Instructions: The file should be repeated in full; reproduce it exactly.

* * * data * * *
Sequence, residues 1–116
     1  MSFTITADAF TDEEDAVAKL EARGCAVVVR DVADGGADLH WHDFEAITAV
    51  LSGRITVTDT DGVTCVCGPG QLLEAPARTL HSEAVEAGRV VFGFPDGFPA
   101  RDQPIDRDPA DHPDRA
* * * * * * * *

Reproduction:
Sequence, residues 1–116
     1  MSFTITADAF TDEEDAVAKL EARGCAVVVR DVADGGADLH WHDFEAITAV
    51  LSGRITVTDT DGVTCVCGPG QLLEAPARTL HSEAVEAGRV VFGFPDGFPA
   101  RDQPIDRDPA DHPDRA